I will pop over to your blogs to leave you a message and let you know how to get in touch with me to claim your prize!
I hope everyone enjoys the last week of Paris in July 2011 - please leave the links to your posts for this final week in the comments section of this post. Tamara and I would also love to hear your ideas, comments, suggestions etc... for next years event. We are so excited by how many people are interested in joining in this event that we really want to put some thought into making it even better next year.

July 23, 2011

No and Me - Delphine De Vigan

My read for Paris in July this week took me to another side of Paris - the side that as a tourist you might come face to face with but not necessarily think a lot about - or do anything to help - the issue of homelessness.
No and Me is the story of 13 year old Lou Bertignac - a bright Paris school girl dealing with the collapse of her family after the sudden death of her baby sister. Lou is extremely intelligent but struggles at school when it comes to making friends and fitting in. As part of a social sciences project for school Lou starts to conduct interviews with a young girl she has met at one of the metro stations. No is an adolescent who has been homeless for some years following the break down of her family life. She has established a tough exterior in order to survive on the streets but inside she is a teenager with hopes and fears. Lou and No tentatively build their friendship until Lou approaches her parents to ask them if No can come and live with them.
This was wonderful, if at times sad, story of the connection between the two girls but it also had a much broader message about the issue of homelessness in Paris (and the world in general) and through the character of Lou the social conscience of the book is able to come through;

I thought to myself that if everyone took in a homeless person, if everyone decided to look after just one person, to help them and be with them, perhaps there'd be fewer of them in the streets. My father told me that wouldn't work. Things are always more complicated than they seem. Things are what they are, and there are lots of things you can't do anything about. You probably have to accept that if you want to become an adult. We can send supersonic planes and rockets into space, and identify a criminal from a hair or a tiny flake of skin, and grow a tomato you can keep in the fridge for three weeks without it getting a wrinkle, and store millions of pieces of information on a tiny chip. Yet we're capable of letting people die in the street.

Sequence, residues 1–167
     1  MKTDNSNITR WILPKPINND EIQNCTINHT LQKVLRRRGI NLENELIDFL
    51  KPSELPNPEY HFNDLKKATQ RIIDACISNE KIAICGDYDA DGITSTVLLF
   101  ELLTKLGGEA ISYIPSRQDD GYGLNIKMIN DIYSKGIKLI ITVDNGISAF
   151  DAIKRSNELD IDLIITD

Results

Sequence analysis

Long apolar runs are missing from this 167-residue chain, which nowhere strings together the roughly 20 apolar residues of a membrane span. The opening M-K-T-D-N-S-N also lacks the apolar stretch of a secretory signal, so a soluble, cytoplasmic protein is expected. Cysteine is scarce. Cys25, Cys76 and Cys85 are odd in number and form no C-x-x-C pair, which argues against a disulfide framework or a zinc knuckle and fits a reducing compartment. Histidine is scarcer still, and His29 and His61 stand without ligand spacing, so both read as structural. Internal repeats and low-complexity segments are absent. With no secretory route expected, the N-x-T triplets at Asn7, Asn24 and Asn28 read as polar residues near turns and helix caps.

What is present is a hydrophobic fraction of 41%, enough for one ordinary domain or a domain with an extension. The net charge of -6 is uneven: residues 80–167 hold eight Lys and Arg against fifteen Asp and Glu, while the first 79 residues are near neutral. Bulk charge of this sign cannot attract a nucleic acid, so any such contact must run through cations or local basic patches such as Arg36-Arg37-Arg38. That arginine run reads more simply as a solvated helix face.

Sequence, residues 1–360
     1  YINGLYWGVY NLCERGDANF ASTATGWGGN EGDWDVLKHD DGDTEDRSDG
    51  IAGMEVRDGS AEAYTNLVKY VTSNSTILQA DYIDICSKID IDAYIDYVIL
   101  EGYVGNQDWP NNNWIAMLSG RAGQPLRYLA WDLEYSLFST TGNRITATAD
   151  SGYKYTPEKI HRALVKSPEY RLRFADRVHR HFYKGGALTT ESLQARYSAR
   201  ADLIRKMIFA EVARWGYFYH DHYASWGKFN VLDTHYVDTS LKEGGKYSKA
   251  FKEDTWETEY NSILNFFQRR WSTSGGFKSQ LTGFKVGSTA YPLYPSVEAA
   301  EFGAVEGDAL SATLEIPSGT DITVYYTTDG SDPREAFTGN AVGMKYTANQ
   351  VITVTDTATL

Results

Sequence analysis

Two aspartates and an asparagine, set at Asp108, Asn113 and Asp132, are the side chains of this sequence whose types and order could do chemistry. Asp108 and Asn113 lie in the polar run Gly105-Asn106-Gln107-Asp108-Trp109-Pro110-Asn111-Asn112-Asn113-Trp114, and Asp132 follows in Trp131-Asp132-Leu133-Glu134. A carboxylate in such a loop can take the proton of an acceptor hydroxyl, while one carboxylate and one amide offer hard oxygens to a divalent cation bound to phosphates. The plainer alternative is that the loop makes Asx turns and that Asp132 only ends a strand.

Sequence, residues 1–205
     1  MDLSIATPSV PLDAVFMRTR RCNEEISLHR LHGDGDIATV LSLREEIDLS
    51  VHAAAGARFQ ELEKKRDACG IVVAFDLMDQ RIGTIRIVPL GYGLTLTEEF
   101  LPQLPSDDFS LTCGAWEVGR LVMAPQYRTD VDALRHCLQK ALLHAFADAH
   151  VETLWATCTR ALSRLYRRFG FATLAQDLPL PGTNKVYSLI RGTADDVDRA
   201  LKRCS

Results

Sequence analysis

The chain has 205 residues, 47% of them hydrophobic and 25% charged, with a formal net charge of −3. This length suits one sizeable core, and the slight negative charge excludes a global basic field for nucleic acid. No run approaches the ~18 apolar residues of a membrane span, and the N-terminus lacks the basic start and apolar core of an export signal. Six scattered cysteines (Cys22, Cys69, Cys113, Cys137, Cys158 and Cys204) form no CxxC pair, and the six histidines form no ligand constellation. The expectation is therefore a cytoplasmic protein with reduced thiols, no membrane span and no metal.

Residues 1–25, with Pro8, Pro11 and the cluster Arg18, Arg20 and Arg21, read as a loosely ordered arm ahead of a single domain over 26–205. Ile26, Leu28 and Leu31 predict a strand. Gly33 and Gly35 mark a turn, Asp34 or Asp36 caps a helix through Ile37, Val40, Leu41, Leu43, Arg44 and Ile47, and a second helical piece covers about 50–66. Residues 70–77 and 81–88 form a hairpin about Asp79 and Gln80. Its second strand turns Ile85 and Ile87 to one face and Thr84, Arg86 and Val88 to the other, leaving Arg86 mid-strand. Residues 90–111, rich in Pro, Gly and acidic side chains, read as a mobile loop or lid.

July 20, 2011

Extremely Loud & Incredibly Close - Jonathan Safran Foer

I have to thank the lovely Claire for leading me to Extremely Loud and Incredibly Close - it had been on my reading radar for a while but I wasn't truly tempted to pick it up until I had read her review. This is an amazing book to read but it is also a work of art - the narrative interspersed with photos, drawings and print techniques which add, rather than detract from the story.
The main character of the story is nine year old Oskar Schell - a bright, intelligent and curious boy living in post 9/11 New York with his mother with his grandmother across the street. Oskar's father was killed in the 9/11 attacks on the World Trade Centre and the story focuses on Oskar's attempt to somehow come to terms with the loss of his father and the huge impact his death has had on his family.
The character of Oskar is really the key to the success of this story - this is a boy who you can't help but empathise with - his pain is so acute and yet his humour and intelligence are still thriving - you want Oskar to somehow survive this trauma and make it out the other side.
I finished reading this book so long ago now that my memories of the intricacies of the plot have faded a little - but what hasn't dimmed is the emotional reaction I had while reading this book - sadness at the story being told but joy at the reading pleasure I was experience. You have to read this one for yourself.

July 19, 2011

My Last Duchess - Daisy Goodwin

Series 1 of Downton Abbey has just finished in Australia and I am already suffering withdrawal symptoms. The costumes, the sets, the language, the pomp and ceremony were all filling my Sunday nights beautifully so in trying to keep the feeling alive I turned to My Last Duchess. The book is set a bit earlier than Downton Abbey but it had a lot of the same elements in terms of characters and situations so I was kept pretty happy!